An airline flight confirmed the idea. On the plane, I got into a conversation with the person next to me, a woman in her thirties. We talked about various things and then she said, “I just went skydiving for the first time.”
I asked, “Were you scared?”
“No,” she said, “it was fantastic.” She told about the thrill of falling through the air and the awesome sight of the world beneath her. She said it was something she’d always wanted to do, and she finally went out and did it after she heard Tim McGraw’s song about the guy who went skydiving.
This woman wanted to be more fully alive, and she wasn’t just looking for high-risk thrills. She wanted to get closer to Jesus and help her daughters walk with Jesus. She had made some past choices that weren’t ideal and had been through some tough times, but now she was praying with her girls every day, and she wanted to do even more. She liked my suggestions on reading the Bible each day personally and as a family. She was excited about God’s Word transforming lives. After talking with her, I was all the more sure that God wanted me to ask radio listeners, “What if this year were your last?” and to challenge each of you to live like you were dying.
I’m not eager to go sky diving like my fellow passenger or to ride a ferocious rodeo bull for a few seconds like the guy in the song. I’ve done my share of horseback riding, and I have a brother who rode bulls in some rodeos, but my life will be complete without riding in a rodeo and letting some huge brute jar my bones and buck me off. That’s just not my thing.
Still, I have other adventures I’d like to try, and you probably do too. Too often we tell ourselves, “That would be too risky” or “That would be too costly” and we stay stuck in our day-to-day rut. Time dribbles away, and before we realize it, we’ve run out of time, or we’ve lost the energy and strength to follow our heart, live our dream, and pursue our adventure.
The Bible book of Ecclesiastes talks about how life is short and how we tend to waste our time on things that are joyless, meaningless, and godless. Don’t waste the precious time God gives you. You only live once. Now is the time to enjoy life and pursue your dreams. Ecclesiastes says, “Enjoy life with your wife, whom you love… Whatever your hand finds to do, do it with all your might” (9:9-10). “However many years a man may live, let him enjoy them all… Follow the ways of your heart and whatever your eyes see” (11:8-9).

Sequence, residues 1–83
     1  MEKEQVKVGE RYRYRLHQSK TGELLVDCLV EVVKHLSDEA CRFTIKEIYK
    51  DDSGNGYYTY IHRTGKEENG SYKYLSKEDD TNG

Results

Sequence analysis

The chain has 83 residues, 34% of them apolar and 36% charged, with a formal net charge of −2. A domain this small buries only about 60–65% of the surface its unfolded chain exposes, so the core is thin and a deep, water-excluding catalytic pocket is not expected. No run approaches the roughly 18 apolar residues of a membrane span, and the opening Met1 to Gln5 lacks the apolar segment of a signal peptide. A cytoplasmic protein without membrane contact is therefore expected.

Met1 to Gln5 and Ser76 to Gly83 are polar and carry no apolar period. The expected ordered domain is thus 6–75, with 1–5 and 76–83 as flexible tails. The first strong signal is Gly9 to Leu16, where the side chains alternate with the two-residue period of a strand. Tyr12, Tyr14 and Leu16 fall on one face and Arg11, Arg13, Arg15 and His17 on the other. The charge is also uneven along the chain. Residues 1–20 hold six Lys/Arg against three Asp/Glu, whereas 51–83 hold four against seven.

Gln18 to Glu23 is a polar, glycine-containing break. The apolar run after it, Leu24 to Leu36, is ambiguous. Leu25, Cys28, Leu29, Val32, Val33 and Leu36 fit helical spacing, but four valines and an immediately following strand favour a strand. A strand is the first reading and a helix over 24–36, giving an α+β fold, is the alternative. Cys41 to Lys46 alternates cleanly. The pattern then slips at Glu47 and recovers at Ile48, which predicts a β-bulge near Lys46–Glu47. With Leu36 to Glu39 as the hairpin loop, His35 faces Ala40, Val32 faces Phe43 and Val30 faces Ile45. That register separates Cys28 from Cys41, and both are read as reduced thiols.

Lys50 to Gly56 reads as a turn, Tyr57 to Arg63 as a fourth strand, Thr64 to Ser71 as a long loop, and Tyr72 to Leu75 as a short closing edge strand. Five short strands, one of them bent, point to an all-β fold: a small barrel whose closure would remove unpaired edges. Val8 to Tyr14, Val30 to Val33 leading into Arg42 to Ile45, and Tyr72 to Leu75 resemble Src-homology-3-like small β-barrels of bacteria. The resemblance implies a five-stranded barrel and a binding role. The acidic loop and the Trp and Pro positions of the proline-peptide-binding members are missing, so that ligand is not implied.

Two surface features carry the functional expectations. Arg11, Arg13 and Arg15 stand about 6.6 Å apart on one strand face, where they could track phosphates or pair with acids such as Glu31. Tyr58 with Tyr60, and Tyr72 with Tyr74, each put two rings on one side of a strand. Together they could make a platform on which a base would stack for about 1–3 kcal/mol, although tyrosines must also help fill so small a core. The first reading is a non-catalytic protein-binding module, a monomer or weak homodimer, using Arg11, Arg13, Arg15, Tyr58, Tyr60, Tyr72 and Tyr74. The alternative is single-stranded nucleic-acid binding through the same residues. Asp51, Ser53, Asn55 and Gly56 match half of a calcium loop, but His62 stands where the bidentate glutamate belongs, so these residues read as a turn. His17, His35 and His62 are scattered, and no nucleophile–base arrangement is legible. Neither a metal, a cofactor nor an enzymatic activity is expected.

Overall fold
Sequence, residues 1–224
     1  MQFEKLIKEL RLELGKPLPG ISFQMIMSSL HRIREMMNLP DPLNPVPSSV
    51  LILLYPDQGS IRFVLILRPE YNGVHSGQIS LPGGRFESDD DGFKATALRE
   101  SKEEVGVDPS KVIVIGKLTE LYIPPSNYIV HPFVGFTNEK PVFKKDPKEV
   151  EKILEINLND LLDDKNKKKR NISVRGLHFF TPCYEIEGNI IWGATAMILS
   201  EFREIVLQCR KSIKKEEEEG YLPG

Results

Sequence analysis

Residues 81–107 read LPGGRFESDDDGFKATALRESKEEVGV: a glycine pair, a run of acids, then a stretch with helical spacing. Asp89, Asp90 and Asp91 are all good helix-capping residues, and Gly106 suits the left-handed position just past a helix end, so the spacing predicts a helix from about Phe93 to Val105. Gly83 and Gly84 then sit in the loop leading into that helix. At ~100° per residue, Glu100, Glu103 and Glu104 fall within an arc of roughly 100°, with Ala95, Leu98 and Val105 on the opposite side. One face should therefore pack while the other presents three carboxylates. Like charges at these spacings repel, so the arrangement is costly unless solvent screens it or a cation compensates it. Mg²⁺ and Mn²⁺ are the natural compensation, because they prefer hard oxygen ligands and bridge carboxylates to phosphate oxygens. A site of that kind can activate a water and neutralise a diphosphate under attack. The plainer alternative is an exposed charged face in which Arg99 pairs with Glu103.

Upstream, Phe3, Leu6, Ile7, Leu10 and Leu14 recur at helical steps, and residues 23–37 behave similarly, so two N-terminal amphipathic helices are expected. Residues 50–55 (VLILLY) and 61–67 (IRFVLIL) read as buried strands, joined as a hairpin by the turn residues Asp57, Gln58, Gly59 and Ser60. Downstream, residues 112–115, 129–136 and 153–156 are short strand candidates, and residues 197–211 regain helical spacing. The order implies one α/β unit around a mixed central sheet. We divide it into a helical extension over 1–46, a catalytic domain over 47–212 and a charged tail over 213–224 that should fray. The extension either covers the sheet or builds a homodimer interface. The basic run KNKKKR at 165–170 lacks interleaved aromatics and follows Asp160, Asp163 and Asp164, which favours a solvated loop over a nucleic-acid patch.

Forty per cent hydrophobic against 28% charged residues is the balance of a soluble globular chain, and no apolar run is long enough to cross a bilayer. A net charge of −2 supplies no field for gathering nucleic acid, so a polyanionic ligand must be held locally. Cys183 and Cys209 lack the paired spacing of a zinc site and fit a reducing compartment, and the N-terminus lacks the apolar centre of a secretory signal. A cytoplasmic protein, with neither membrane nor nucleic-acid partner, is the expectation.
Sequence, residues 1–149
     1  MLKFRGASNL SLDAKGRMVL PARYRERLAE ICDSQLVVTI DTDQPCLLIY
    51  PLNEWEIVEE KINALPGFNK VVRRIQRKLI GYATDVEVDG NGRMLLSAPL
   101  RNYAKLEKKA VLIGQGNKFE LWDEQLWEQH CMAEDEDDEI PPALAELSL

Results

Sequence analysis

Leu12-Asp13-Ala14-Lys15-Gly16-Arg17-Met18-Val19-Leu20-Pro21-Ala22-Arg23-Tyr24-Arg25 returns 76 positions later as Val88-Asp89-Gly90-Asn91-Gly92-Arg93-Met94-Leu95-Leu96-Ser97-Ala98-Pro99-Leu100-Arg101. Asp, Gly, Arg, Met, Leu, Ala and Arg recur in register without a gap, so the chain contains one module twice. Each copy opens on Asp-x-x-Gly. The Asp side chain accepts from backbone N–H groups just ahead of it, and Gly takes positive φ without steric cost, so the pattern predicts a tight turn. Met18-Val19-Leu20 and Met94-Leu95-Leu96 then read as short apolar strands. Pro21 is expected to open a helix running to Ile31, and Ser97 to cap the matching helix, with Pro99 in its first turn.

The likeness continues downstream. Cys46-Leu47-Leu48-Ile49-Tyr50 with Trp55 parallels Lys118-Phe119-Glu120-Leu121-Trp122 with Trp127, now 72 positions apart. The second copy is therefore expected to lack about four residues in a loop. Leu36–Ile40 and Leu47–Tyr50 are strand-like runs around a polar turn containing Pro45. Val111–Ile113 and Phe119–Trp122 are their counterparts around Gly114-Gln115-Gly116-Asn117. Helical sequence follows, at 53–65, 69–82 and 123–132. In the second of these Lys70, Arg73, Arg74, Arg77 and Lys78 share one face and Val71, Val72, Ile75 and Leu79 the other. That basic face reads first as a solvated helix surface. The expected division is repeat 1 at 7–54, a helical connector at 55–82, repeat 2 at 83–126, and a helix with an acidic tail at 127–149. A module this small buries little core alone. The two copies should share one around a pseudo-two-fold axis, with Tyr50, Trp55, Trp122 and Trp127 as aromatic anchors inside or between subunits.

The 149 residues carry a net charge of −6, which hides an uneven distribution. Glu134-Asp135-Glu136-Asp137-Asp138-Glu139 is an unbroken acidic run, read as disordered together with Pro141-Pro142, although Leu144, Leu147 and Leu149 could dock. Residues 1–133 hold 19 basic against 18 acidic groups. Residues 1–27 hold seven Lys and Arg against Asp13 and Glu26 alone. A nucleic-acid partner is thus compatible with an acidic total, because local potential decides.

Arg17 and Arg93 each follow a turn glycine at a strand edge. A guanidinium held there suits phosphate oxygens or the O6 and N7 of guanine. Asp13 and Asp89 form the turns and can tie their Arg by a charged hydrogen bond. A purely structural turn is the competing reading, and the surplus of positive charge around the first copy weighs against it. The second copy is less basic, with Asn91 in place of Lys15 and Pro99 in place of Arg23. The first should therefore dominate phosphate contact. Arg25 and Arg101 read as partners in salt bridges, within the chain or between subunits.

Live like you were dying—because you are. Stop trying to play it safe all the time. Stop trying to impress other people or meet their expectations. Stop worrying that people will think you’re weird. Be free! Be yourself! Some people may pressure you to be prim and proper and boring. Others may pressure you to be stupid and self-destructive by smoking or drinking or doing drugs. You may feel pressure to get A’s in school like your sister, or to go into the same line of work as your father, or to make as much money as a couple down the street, or to do your job exactly the same way as the person who held the position before you. But if you live to meet all those expectations, you won’t really live, and you won’t really be you. So do what Scripture says. Do everything with all your might, enjoy each day, and follow the ways of your heart.
Ready for the Judge
Does that mean anything goes, as long as you like doing it? No, be happy and follow the ways of your heart, says Ecclesiastes, “but know that for all these things God will bring you into judgment” (11:9) You don’t have to answer to all the self-appointed judges who try to run your life, but you do have to answer to one Judge: the Lord God himself. Use your energy and enthusiasm to enjoy God’s gift of life, not to misuse it. Don’t think only of yourself and your own pleasure. Think about how you want to be remembered by others after you die. Think about God and about where you will spend eternity after you die. Is your present life taking you toward heaven or hell?
The Bible says, “Man is destined to die once, and after that to face judgment” (Hebrews 9:27). If you live like you were dying, you will live in a way that meets God’s approval. You can’t do that without Jesus. You’re not perfect, so you need Jesus’ perfection credited to you. God promises to do that if you trust Jesus as your Savior and follow him as Lord. I have heard from people on death row who found Jesus only after they were sentenced to death for their crimes. I have heard from people who got serious about salvation only after they learned they were dying of cancer. They realized that they were not ready for eternity, that they were headed for hell, and they came to Christ before it was too late.
Jesus can save people even at the last moment, but many of us don’t know when our last moment will be, and we don’t get advance warning. Death comes suddenly, and then we have no more chance to get ready for judgment.